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Hollywood Honors Eastwood, Unforgiven with Top Oscars

By David J. Fox
Los Angeles Times

HOLLYWOOD

Hollywood honored international film legend Clint Eastwood and his movie Unforgiven with Oscars for best direction and best picture of 1992 during the 65th annual Academy Awards Monday night.

But, in contrast to the last two Oscars shows, which were virtually overwhelmed by Dances With Wolves and The Silence of the Lambs, no single film dominated the ceremonies at the Dorothy Chandler Pavilion. Unforgiven won four awards, while Howards End and Bram Stoker's Dracula won three each.

"I feel lucky, especially when you are able to make a living in a field you enjoy," said the soft-spoken Eastwood as he accepted the director's prize. Critics said Eastwood's film in many ways attempted to demystify the image of the American West that he had helped to solidify in many of his earlier films. In Unforgiven, Eastwood plays a retired gunslinger, still fighting the demons of his past, even as he had become a family man.

The key acting honors were awarded to Emma Thompson for Howards End and Al Pacino for Scent of a Woman.

Thompson, a British actress, received her Oscar for Howards End after having swept virtually the Los Angeles, New York and national critics prizes, and winning a Golden Globe prize handed out by the Hollywood Foreign Press Association.

In accepting, Thompson acknowledged the Oscar show's theme, "The Year of the Woman," and the role she played of a strong-willed, unmarried elder sister in the adaptation of the E. M.. Forster novel of two families in Edwardian England.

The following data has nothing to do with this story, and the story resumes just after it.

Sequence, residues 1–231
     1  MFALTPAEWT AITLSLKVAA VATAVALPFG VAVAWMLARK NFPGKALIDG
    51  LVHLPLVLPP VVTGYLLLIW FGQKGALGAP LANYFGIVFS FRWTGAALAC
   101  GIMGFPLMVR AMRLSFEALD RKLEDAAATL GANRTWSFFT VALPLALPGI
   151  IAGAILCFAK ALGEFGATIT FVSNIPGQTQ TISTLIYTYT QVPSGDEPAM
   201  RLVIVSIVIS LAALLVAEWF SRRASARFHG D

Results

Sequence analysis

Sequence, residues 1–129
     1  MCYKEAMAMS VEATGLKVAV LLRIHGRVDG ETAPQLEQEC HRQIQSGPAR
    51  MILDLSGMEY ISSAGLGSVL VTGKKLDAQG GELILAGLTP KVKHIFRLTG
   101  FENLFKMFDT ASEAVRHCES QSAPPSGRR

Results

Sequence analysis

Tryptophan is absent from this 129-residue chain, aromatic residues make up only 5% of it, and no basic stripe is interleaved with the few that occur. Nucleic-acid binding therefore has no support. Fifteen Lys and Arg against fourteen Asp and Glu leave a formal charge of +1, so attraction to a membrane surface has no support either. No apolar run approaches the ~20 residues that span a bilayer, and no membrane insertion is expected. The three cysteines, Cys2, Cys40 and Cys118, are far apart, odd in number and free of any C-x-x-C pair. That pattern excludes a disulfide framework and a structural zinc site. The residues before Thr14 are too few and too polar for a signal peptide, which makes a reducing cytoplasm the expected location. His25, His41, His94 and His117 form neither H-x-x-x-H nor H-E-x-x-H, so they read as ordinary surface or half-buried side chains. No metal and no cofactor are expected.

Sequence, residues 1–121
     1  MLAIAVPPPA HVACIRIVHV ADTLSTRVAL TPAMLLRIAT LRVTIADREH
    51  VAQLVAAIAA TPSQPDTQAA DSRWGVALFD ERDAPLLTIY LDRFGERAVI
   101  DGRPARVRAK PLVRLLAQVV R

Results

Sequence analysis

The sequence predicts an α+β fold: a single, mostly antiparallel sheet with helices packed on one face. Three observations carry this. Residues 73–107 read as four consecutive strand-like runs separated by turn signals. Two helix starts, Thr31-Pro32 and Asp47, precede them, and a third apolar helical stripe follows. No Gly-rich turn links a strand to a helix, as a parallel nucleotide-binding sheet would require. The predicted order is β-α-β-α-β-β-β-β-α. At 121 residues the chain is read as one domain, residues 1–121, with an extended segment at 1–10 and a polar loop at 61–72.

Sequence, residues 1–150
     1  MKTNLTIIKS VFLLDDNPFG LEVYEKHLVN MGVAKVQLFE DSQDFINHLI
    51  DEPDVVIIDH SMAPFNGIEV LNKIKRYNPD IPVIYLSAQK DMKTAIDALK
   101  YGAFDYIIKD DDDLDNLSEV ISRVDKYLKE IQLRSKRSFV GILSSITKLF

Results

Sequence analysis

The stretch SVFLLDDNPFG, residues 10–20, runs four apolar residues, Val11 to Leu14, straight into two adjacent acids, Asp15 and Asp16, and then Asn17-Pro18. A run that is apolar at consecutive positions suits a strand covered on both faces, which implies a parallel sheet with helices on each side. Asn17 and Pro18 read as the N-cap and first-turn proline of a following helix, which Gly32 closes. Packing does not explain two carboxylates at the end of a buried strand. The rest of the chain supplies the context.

Pacino's Oscar came for his role as a blind and bitter retired Army officer in Scent of a Woman.

It was the first time Pacino has ever won an Academy Award despite nominations in other years, dating back to 1972's The Godfather. He also was nominated in the supporting actor category this year for his role as a ruthless real estate salesman in Glengarry Glen Ross. Raising the Oscar in his hand, Pacino declared: "You broke my streak."

Early in the evening, the Oscar for an actress in a supporting role went to Marisa Tomei, for her performance as the tough-talking fiance to Joe Pesci in the comedy My Cousin Vinny. In February, when the nominations were announced, her nomination seemed to surprise many in the industry, since she was a relative newcomer and the film had been all but forgotten -- having opened in spring of 1992. As her name was read, there was a wave of shock.

One of the evening's biggest question marks had been the supporting actor category in which a mysterious, unknown British actor, Jaye Davidson, 24, had been nominated. Davidson played a role in The Crying Game that is pivotal in the story about tolerance of human nature, set against a backdrop of political terrorism. The film's distributor, Miramax Films, turned the exact nature of Davidson's character into a secret, asking the news media to cooperate and not give it away. And up until the last minute on Sunday, it was not known if Davidson would travel from London to the Oscar ceremonies.

In the end, Davidson did attend, but his presence seemed fleeting as the academy gave the award to veteran actor Gene Hackman, a previous Oscar-winning best actor for 1971's The French Connection. Hackman won the supporting actor Oscar for his performance in Unforgiven as a congenial but sadistic sheriff.

Regis Wargnier, the French director of Indochine, a film that stars Catherine Deneuve, thanked the American film industry that fed his dreams of movie making as a child. Indochine was named best foreign language film.

ABC-TV said the telecast ran 3 hours and 32 minutes, 8 minutes longer than the previous record set in 1990 and 1992.

Film score honors went to a Walt Disney animated musical film for the third time in four years. In all three instances, for The Little Mermaid, Beauty and the Beast and this time Aladdin, the composer was Alan Menken.

Menken also picked up the award for best song written directly for a movie, the ballad "A Whole New World," which he wrote with lyricist Tim Rice.

The only prize for The Crying Game, in the end, turned out to be to its director Neil Jordan for his original screenplay. Despite its "unappealing characters," he said he is heartened that "audiences have it in their hearts to accept a broad range of characters."

The award for screenplay adaptation went to Ruth Prawer Jhabvala for her work based on E. M. Forster's Howards End.